Bloomberg’s Patience with Occupy Wall Street Wears Thin as Eviction Rumors Swirl


Mike Bloomberg has started to publicly lose patience with the Occupy Wall Street encampment in Zuccotti Park. Yesterday, he told the Observer that recent reports of crime and sexual assault in the park were “a very high priority” for the administration and that any withholding of information from the police by protesters “is despicable, and I think it is outrageous and it really allows the criminal to strike again making all of us less safe.”

Today during his weekly appearance on John Gambling’s radio show, Bloomberg said that “we’re not going to tolerate” some of the behavior at Zuccotti. “If you see what happened like in Oakland, we are not gonna have that here,” he said. “That’s not gonna happen here.”

Bloomberg’s pronouncements in recent days have caused the rumor mill at Zuccotti to kick into high gear. Yesterday, many of the of the park’s residents were convinced that an eviction was scheduled for sometime over the course of the night.

At yesterday’s General Assembly, Han Shan, a representative from the Community Affairs working group reportedly spoke to the crowd, saying that they had received “credible information” that “the city has lost its patience and is planning to evict us at some point in the near future.”

Other working groups responded in kind, including the kitchen, which started moving things off-site, according to a source.

Occupier James Molenda, 32, said that this was the first time he’d lent any credence to eviction rumors because “it’s coming from working group people, not somebody in the next tent.” The rumor he’d heard was that the police would come through and clear the park at 2 a.m. He bought swim goggles in preparation for any pepper spray eventualities, and said that occupiers had been encouraged to store their laptops at the storage facility at 52 Broadway.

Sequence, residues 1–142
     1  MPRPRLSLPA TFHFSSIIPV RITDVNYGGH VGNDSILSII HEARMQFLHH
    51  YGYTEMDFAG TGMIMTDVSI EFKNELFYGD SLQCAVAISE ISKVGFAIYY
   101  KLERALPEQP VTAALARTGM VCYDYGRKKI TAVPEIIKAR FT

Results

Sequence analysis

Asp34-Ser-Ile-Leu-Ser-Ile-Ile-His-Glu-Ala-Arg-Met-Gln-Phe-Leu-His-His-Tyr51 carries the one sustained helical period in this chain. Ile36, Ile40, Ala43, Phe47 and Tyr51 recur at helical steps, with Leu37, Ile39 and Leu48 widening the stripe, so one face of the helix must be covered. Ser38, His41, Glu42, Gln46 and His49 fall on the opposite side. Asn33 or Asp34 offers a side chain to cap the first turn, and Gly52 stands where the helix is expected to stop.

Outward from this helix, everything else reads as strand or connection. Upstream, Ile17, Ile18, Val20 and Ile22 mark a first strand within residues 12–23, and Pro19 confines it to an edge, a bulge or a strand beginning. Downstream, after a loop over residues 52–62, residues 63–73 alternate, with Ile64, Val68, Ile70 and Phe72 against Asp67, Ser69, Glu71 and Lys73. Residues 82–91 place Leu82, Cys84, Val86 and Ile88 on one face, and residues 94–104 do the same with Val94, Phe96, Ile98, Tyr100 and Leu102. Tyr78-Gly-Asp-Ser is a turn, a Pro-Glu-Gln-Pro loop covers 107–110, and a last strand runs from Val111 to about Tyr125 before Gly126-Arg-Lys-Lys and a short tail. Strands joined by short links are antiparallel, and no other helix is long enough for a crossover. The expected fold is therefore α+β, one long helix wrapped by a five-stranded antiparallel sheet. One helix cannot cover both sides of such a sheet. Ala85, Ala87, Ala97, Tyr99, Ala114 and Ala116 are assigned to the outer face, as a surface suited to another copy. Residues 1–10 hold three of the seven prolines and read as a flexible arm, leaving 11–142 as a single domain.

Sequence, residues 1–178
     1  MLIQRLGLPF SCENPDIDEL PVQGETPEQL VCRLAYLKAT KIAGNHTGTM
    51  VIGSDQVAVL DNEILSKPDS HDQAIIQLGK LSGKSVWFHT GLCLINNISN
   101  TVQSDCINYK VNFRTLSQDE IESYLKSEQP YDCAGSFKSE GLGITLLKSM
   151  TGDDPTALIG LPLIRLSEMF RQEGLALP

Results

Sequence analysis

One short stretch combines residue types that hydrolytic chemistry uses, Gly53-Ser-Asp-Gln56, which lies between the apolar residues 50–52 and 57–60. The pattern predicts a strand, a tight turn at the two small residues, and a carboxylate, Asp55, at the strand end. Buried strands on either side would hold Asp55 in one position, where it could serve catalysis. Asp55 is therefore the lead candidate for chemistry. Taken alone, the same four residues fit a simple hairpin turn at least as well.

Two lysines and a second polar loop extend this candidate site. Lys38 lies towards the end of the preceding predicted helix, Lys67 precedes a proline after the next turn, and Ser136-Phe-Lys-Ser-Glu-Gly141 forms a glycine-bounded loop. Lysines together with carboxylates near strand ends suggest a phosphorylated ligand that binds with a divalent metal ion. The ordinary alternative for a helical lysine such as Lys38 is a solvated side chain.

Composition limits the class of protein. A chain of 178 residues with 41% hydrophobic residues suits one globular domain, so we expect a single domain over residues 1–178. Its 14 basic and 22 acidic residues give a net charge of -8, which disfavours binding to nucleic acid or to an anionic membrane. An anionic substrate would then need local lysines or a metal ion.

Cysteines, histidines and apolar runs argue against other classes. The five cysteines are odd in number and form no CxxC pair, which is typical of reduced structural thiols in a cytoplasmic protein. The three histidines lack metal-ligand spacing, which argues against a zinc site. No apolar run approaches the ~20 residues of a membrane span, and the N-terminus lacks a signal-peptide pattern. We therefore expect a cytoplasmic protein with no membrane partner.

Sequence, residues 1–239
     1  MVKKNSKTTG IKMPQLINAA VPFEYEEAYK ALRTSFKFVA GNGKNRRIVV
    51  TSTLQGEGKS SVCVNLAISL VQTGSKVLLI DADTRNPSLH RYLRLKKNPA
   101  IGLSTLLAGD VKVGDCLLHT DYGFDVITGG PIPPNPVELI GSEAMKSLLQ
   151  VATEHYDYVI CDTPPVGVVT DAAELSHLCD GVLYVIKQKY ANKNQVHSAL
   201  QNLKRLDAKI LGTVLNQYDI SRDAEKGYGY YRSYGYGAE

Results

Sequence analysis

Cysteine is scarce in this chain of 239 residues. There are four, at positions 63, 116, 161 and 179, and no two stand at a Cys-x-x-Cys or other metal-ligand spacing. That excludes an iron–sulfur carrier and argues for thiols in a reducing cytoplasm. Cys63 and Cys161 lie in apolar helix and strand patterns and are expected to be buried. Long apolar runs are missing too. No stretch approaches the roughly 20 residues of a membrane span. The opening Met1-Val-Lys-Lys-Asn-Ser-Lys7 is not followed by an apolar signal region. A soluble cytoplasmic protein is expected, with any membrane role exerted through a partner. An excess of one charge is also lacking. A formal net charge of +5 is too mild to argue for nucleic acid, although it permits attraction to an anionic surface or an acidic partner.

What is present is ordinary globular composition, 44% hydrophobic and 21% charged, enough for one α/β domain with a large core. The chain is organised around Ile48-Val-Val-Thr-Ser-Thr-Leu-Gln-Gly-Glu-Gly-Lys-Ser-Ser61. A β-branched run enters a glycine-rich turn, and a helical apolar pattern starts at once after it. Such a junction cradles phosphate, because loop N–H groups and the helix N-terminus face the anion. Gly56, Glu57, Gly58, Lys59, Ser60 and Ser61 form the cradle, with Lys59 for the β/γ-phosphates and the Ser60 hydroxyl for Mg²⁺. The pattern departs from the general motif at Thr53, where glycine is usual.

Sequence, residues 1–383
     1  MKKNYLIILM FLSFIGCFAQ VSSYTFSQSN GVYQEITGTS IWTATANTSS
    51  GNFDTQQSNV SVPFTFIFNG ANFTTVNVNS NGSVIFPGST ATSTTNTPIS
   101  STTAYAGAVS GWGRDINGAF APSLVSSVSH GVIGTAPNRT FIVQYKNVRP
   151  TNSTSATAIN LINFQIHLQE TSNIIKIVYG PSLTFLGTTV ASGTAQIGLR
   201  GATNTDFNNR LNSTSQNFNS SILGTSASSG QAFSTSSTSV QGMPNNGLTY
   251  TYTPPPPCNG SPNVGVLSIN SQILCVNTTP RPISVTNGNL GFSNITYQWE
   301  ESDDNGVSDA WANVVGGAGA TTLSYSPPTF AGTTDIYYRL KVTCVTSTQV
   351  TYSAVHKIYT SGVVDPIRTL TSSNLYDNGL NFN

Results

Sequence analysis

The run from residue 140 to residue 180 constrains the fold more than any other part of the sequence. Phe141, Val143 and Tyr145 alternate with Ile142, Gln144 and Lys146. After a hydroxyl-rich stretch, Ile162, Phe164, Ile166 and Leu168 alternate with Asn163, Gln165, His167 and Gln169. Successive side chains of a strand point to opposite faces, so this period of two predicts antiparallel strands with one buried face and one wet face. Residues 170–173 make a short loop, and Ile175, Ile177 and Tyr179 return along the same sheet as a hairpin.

For what it’s worth, a white-shirted police officer on the scene said he didn’t know anything about an eviction, and doubted that one was scheduled.

The protesters are still there this morning. Jeff Smith, a member of the OWS press team, said that “it just seems like the same kind of chattering rumor mill” that produces eviction rumors regularly at Zuccotti. After street actions, there are usually rumors that police are trying to clear the park, and of course there was the botched Brookfield “cleaning” from a few weeks ago.

Smith thought that the rumors about eviction are “part of the intimidation tactic” on the part of the city. “I think they kind of stage it or make it seem like they’re doing it to see how people would react to it,” he said.

Given the precedent (and potential P.R. fallout), an outright nighttime raid on the park seems unlikely as opposed to more indirect methods, like mandating that the tents come down or simply freezing the occupiers out. “It’s just more games that they’re playing, trying to figure out what angle to push us out on,” Smith said.


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